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Tuesday, November 30, 2021
U.S. Admiral calls for more carriers in the Pacific
ABOARD THE USS CARL VINSON—The U.S. Seventh Fleet’s commander called for an expanded presence by U.S. and allied aircraft carriers in the Pacific to persuade China and Russia that “today is not the day” to start a conflict.
Vice Adm. Karl Thomas spoke Tuesday as the U.S., Japan, Australia, Canada and Germany completed a 10-day naval exercise led by Japan in Pacific waters. Media were invited to the aircraft carrier USS Carl Vinson to watch F-35 jet fighters take off and land.
The exercise followed another in October in which two U.S. aircraft carriers—the Carl Vinson and the USS Ronald Reagan —joined the U.K.’s HMS Queen Elizabeth aircraft
carrier as well as a Japanese ship on which helicopters can land.
Although those combined forces represent “an incredible amount of power,” allies should go further, Adm. Thomas said. “When we think about how we might fight, it’s a large water space, and four aircraft carriers is a good number, but six, seven or eight would be better,” he said.
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The U.S. Navy’s carrier fleet, once little challenged in the Pacific, faces a growing threat from China, which commissioned its first domestically built aircraft carrier in 2019 and expects its second carrier to enter service by 2024, according to the Pentagon.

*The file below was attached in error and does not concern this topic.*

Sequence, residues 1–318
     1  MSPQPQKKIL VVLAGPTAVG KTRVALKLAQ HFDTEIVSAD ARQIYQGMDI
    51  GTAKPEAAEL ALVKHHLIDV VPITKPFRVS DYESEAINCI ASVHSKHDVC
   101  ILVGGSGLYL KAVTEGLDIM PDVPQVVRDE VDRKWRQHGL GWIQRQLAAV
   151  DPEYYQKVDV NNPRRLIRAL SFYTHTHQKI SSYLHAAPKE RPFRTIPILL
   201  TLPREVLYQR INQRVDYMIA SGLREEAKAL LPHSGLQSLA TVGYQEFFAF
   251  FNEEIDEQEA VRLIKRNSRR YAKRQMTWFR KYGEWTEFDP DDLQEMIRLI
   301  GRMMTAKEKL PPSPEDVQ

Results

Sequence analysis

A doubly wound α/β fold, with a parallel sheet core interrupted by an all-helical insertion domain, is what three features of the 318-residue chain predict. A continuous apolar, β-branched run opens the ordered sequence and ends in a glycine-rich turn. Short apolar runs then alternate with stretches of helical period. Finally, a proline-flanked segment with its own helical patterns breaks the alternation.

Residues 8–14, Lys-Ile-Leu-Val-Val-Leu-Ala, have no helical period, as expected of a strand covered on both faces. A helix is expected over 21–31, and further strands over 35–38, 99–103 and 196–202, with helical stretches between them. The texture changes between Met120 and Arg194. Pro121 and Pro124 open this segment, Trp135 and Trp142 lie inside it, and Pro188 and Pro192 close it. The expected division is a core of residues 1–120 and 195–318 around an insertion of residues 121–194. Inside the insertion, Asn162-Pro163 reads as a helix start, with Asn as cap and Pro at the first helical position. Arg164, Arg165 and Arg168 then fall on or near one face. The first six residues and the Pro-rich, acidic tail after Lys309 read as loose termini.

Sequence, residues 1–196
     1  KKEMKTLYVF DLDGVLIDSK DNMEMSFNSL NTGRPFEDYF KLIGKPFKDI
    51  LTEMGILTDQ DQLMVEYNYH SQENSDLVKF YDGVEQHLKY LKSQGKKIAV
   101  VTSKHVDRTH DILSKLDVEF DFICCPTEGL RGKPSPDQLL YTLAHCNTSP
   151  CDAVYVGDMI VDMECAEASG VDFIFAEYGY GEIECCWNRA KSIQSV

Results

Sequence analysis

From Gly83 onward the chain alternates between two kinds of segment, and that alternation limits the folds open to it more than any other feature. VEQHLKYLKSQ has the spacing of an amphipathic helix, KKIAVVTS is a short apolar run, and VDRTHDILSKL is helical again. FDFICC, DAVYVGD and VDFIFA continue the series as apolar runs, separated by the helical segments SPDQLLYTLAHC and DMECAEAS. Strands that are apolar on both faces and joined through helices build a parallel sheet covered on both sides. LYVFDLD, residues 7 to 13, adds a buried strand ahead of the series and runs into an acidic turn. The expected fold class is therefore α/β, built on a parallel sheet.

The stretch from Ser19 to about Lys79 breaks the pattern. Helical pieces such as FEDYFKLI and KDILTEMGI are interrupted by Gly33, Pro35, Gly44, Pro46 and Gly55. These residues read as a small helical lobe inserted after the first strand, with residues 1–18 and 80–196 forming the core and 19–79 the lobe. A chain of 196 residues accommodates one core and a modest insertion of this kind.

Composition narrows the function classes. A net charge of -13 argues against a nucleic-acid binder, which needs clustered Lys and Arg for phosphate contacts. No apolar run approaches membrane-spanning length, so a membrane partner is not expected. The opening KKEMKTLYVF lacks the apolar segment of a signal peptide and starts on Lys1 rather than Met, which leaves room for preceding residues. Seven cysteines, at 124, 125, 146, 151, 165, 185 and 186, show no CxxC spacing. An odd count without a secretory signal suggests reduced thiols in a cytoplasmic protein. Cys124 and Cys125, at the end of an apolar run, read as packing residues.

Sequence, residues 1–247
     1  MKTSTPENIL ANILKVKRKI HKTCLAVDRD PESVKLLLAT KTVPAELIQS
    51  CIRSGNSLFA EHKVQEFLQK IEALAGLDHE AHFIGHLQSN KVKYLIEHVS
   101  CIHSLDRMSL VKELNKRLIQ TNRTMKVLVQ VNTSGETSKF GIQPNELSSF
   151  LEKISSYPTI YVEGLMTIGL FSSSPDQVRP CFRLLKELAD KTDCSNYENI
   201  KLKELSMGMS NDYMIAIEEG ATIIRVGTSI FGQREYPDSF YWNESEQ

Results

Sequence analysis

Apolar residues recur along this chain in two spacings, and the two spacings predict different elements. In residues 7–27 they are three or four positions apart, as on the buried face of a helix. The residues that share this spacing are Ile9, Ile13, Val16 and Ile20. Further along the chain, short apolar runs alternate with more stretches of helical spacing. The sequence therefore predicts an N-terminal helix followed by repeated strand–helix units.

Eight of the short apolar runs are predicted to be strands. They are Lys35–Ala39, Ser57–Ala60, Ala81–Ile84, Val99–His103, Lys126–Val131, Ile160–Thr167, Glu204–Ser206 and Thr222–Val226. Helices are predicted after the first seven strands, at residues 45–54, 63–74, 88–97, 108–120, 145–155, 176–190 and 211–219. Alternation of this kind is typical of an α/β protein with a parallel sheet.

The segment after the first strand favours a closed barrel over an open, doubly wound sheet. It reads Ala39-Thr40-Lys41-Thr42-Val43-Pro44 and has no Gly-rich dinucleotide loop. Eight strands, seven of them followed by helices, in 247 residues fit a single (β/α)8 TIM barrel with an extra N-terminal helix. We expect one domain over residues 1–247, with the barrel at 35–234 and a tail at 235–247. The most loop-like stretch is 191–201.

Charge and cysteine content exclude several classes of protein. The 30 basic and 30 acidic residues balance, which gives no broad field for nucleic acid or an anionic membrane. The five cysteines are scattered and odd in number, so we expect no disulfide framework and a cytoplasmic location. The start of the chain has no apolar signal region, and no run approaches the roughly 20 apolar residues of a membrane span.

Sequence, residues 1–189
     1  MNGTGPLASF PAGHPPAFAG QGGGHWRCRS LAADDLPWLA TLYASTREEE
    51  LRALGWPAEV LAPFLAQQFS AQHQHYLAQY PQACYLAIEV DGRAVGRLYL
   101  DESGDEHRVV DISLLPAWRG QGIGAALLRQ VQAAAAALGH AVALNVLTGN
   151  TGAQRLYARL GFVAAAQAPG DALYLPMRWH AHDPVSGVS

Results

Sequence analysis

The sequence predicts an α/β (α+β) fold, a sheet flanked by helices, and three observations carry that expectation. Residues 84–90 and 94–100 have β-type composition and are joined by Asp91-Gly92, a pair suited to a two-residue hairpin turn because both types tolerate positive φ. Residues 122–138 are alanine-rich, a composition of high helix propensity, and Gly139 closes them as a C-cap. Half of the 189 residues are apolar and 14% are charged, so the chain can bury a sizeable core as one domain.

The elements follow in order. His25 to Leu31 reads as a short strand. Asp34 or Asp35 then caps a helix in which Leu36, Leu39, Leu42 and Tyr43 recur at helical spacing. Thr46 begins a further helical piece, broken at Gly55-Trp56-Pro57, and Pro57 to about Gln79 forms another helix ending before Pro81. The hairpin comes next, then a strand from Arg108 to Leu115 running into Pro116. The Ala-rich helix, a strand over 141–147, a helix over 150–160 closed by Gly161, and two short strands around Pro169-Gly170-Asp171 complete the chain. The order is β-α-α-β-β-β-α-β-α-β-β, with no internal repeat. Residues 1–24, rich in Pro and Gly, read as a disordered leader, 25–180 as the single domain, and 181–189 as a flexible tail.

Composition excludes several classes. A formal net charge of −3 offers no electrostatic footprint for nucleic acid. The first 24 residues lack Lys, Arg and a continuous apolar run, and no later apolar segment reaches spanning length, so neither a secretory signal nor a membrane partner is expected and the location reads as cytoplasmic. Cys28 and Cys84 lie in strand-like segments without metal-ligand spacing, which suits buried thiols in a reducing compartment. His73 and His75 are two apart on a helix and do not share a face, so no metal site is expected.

Recent signs point to steady progress on the construction ofBeijing’s third aircraft carrier, according to the Center for Strategic and International Studies, and satellite imagery suggests China hasbuilt a mock-upof a U.S. aircraft carrier in the desert, presumably for target practice.
Asked about the threat from China and Russia, which recently sent a joint naval force circling much of Japan’s main island, Adm. Thomas said it was important to show a united face to “other nations that might be more aggressive and authoritarian.”
The U.S. and its allies should use joint exercises to “deter aggression from some of these nations that are showing burgeoning strength” and “tell these nations that maybe today is not the day,” to trigger a clash, he said.
Japan ismodifying two shipsdesigned for helicopter landings so that they can also operate with a version of the F-35 fighter that can land vertically. That version is known as the F-35B.
Adm. Thomas referred to an exercise last week in which Italian forcespracticed landing F-35Bson the U.K.’s Queen Elizabeth. The Seventh Fleet commander said he hoped allies in the Pacific could carry out more such exercises working with one another’s ships and planes.